There are currently no planned announcements of more details about the HRA cap removal, but the industry is hoping it will not have to wait until Spending Review in Spring 2019 before councils can get building.

Letwin Lets Rip in Build Out Review

Somewhere in the middle of the Chancellor’s 95 minute Autumn Budget speech was a single line on the publication of Oliver Letwin MP’s ‘Independent Review of Build Out’ report.

Developers, we are told, ‘do not engage in systematic land banking’. That’s it then. One year on from the commissioning of the report in 2017, we are told something that has been painfully obvious to anyone who is remotely involved in the property sector.

So was the whole thing a waste of time? Not quite. To have that fact confirmed on a national stage by the Chancellor of the Exchequer to the general population, as well as to a media seemingly dead set on tearing down what are seen as nasty developers, is very useful. Some councillors may also listen.

‘Homogenous tenure’ root of slow build out

As trailed in his Interim Report, the key reason for slow build out of sites for housing is ‘homogenous’ tenure, Letwin tells us, suggesting there is too much space set aside for housing for market sale. His suggestion in response to this is that builders should be obliged to agree to a greater split in tenure if they are to receive Help to Buy monies or further Government banking

Elsewhere, there were some recommendations for a range of planning changes which will be interesting in terms of the modifications they could bring to housing delivery.

Greater powers for councils have been put forward to compulsorily purchase land at “around ten times existing use value” in order to provide the affordable homes the country. This is not likely to popular with land owners.

In order to drive longer-term delivery, Letwin also proposes giving local planning authorities in areas of high housing demand the powers to set areas within their local plans as land which can only be developed as single large sites.

Chiefly, he also recommends the formation of a National Expert Committee to advise local authorities on the interpretation of the tenure mix requirements for large sites and to take decisions on where the diversity requirements cause an appeal.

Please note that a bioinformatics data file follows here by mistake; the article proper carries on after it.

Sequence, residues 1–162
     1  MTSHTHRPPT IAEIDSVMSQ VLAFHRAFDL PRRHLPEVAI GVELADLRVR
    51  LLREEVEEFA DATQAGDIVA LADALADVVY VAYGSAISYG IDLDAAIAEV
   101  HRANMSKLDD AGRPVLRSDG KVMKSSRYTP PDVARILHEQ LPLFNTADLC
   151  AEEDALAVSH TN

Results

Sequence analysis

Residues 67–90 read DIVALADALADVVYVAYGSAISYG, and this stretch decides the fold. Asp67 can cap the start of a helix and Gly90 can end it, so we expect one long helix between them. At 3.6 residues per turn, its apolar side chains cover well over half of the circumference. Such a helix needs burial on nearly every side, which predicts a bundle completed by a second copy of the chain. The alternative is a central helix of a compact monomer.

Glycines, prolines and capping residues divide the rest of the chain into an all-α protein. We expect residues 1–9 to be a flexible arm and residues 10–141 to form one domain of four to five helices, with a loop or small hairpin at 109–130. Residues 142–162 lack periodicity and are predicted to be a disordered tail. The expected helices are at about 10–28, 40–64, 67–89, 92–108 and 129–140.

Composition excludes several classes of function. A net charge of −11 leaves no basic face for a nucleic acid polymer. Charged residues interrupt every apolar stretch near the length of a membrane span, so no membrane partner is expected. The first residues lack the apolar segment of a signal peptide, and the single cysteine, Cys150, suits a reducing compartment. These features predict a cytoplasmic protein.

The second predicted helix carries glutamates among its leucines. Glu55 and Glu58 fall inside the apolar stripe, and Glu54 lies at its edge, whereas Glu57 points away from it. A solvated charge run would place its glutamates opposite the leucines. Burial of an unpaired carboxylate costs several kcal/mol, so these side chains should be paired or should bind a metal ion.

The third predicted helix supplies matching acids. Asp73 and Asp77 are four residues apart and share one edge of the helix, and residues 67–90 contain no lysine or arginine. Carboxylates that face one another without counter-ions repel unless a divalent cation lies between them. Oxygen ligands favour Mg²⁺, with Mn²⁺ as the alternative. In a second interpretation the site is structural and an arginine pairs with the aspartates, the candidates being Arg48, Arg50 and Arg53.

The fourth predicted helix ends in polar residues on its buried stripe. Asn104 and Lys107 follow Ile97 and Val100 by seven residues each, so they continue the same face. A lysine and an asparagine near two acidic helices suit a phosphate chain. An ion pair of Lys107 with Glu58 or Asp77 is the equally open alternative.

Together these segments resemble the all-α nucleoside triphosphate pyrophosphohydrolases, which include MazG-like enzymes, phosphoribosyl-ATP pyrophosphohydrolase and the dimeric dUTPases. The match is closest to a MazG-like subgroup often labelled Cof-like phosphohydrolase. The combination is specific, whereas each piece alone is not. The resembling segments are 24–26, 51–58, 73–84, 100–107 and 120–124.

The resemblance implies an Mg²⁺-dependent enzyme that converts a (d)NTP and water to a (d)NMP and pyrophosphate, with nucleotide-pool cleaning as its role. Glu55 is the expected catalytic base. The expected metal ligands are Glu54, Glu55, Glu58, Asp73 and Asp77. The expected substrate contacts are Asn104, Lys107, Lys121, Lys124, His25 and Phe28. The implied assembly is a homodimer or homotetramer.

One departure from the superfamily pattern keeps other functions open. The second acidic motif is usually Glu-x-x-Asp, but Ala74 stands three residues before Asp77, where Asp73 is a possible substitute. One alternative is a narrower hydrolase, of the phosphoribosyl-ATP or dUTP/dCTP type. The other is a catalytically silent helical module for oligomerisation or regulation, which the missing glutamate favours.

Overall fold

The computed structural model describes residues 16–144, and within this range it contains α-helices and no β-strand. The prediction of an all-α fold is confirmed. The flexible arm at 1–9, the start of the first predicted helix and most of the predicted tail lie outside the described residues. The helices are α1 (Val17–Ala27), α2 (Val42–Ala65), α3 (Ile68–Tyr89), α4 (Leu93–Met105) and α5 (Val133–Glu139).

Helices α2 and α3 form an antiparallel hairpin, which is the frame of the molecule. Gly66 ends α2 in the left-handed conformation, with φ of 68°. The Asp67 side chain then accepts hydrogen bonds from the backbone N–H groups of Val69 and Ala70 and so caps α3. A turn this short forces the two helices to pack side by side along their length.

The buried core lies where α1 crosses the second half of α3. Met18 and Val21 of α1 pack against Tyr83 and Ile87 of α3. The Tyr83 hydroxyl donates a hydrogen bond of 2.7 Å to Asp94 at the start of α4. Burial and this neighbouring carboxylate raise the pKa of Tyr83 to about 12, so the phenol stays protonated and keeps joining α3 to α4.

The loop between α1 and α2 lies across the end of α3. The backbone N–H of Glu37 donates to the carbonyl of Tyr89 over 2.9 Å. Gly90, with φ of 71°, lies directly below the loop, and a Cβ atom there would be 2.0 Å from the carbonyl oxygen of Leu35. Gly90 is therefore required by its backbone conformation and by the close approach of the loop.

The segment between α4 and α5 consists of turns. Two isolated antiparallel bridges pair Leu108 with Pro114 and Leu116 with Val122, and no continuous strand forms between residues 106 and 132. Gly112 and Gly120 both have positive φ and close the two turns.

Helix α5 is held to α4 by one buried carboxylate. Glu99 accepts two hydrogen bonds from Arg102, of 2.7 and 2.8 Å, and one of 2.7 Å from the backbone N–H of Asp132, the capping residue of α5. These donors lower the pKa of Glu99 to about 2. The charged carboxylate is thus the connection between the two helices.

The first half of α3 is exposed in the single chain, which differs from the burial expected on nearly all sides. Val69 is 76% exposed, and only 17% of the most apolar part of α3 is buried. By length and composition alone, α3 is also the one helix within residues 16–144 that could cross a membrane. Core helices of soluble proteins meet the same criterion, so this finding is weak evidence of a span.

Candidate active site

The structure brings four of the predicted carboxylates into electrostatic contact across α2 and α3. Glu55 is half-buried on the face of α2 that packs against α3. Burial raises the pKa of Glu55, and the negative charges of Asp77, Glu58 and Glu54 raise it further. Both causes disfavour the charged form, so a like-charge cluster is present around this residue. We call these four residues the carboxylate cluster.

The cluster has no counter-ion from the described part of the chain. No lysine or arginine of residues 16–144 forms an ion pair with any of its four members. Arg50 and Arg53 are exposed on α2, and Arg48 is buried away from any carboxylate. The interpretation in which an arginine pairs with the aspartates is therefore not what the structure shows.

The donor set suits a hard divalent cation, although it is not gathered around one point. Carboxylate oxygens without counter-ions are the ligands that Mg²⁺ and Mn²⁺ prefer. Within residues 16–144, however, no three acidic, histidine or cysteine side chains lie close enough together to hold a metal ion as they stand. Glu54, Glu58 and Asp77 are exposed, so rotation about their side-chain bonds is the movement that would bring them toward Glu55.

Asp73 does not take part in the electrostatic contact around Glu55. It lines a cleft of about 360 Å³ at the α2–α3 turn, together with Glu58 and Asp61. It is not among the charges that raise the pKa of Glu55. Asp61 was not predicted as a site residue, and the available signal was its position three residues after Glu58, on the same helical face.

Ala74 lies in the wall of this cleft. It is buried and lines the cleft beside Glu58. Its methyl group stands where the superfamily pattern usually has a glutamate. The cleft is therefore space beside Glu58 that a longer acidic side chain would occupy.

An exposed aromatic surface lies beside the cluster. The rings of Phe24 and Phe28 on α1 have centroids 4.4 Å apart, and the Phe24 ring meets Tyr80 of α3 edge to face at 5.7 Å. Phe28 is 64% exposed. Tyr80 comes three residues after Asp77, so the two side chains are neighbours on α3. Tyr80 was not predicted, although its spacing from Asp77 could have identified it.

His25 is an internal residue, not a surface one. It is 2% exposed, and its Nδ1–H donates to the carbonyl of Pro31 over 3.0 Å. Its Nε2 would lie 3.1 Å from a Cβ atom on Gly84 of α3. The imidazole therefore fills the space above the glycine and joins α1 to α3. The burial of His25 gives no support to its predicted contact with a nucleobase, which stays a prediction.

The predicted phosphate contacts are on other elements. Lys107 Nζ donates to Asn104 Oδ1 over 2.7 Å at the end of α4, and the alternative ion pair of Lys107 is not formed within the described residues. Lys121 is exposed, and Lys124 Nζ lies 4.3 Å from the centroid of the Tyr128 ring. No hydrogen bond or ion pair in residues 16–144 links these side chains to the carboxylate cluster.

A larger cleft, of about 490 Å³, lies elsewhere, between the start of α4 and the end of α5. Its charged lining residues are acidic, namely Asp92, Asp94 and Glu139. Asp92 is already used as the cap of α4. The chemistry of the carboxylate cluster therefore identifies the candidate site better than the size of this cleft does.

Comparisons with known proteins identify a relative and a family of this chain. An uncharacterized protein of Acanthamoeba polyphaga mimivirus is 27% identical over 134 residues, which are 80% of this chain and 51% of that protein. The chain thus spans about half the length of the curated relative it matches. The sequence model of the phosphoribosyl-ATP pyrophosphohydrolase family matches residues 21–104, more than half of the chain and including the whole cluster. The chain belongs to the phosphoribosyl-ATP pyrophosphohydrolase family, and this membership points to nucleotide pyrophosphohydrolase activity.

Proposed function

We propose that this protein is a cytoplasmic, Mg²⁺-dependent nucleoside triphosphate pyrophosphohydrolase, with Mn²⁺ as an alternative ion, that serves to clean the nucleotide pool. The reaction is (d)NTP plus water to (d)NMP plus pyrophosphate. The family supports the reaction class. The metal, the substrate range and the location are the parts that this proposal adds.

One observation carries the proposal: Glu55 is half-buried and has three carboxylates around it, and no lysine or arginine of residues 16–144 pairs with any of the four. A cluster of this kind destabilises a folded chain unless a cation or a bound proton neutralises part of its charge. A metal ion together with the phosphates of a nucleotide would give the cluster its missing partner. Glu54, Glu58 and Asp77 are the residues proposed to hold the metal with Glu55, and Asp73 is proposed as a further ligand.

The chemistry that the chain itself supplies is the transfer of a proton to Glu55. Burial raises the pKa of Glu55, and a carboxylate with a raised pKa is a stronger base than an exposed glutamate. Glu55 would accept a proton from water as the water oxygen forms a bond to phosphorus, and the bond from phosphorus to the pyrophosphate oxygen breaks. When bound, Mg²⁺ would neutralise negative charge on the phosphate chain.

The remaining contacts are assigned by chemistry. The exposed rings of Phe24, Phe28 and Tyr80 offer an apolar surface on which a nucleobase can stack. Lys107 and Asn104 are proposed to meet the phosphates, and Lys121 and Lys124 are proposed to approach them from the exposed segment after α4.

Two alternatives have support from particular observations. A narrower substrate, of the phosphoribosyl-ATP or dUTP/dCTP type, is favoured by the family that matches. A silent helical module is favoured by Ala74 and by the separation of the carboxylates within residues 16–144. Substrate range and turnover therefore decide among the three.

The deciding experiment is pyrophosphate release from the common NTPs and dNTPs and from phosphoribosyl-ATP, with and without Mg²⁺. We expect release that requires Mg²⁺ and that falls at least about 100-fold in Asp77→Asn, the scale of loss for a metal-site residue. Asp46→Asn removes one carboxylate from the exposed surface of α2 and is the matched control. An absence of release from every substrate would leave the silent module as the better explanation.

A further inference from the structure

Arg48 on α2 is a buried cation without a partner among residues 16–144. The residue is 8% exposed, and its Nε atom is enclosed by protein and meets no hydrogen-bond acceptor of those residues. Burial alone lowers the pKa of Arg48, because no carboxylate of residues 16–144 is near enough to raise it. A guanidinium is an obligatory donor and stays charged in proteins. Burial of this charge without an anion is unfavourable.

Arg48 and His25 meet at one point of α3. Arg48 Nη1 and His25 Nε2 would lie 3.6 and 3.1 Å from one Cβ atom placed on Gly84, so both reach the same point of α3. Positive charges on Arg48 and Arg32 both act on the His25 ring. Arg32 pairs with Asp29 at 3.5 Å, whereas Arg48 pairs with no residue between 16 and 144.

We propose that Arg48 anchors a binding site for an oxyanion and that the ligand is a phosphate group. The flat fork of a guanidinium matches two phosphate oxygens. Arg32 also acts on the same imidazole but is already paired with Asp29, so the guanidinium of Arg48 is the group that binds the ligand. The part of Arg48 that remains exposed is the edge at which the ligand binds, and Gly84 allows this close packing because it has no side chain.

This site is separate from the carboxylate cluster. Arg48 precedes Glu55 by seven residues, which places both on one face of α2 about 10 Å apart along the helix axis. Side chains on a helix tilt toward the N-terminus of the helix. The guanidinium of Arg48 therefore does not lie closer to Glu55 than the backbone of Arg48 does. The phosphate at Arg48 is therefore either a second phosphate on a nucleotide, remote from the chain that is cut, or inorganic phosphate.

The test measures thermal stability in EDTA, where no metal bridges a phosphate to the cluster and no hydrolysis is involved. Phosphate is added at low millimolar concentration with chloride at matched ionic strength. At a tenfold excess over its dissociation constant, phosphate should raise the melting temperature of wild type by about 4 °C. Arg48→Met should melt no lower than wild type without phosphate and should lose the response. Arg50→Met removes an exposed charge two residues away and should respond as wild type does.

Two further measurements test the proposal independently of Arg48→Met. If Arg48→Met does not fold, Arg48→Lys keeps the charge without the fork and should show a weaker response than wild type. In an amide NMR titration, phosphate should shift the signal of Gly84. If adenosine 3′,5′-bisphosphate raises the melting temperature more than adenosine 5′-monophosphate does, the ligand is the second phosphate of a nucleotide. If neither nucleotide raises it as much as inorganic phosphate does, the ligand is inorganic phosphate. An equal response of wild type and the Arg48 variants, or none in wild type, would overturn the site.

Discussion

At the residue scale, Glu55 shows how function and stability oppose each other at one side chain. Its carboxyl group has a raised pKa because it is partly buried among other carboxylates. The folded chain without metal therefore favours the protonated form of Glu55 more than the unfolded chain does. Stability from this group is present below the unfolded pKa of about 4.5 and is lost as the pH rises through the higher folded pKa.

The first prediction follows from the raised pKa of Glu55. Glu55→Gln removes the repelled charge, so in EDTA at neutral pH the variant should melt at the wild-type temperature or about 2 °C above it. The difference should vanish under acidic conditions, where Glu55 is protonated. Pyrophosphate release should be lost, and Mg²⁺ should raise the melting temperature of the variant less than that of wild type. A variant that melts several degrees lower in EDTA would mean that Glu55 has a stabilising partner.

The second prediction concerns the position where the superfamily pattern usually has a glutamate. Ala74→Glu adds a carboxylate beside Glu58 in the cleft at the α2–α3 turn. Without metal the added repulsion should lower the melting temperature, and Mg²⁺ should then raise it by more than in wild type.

No pickup of land value capture

Despite what was reported in the media last week, it looks like hopes of a radical move on land value capture have been parked for now.

The detail of the Budget red book says Government will introduce “a simpler system of developer contributions that provides more certainty for developers and local authorities, while enabling local areas to capture a greater share of uplift in land values for infrastructure and affordable housing.”

The reforms include simplifying the process for setting a higher zonal Community Infrastructure Levy in areas of high land value uplift and removing all restrictions on Section 106 pooling towards a single piece of infrastructure.

All in all, the Letwin Review has delivered what are broadly sensible recommendations to reform the planning system to help get houses built. Whether Government will act on these suggestions remains to be seen, as James Brokenshire MP and Kit Malthouse MP’s housing policy teams at MHCLG undertake further work before the Government responds in the new year.

Budget 2018 Special

By Vivienne Shirley, Senior Consultant

Hammond’s highly-anticipated pre-Brexit budget was slightly underwhelming from a housing and planning perspective. However, he did admit that the Letwin review (published today) confirms that large developers ‘do not engage in systematic land banking’ – something we already knew but nice to have it confirmed for those who remained unconvinced. The government will respond to Letwin’s recommendations early in 2019.

land bankingRegarding housing, he announced “a further £500m for the housing infrastructure fund to unlock a further 650,000 homes”, along with a new wave of strategic partnerships with nine housing associations to “deliver 13,000 homes across England”. There was also £1bn from the British Business Bank to support the “revival of SME house builders”, while up to 500 neighbourhoods will be provided with funding to allocate discounted housing to local people. In addition, though a questionable policy, stamp duty relief for first-time buyers was extended to shared ownership homes worth up to £500,000, surprisingly including retrospective relief.

The Chancellor also threw some much-needed funds at beleaguered councils, including a new mandatory business rates relief for public lavatories so local authorities can “relieve themselves” (cue weary laughter). Perhaps more appreciated will be the £420m available immediately to tackle potholes and other highway works, a growing issue in recent years. He further announced £650m available for English councils in 2019/20 and £84m to be invested over five years to expand programmes for children in care, with a social care green paper to follow. In a budget peppered with many fairly minor announcements, Hammond also offered £10m to deal with abandoned waste sites. He further formalised the scrapping of the HRA cap, arguably the most exciting announcement of the lot but nabbed by Mrs May at conference.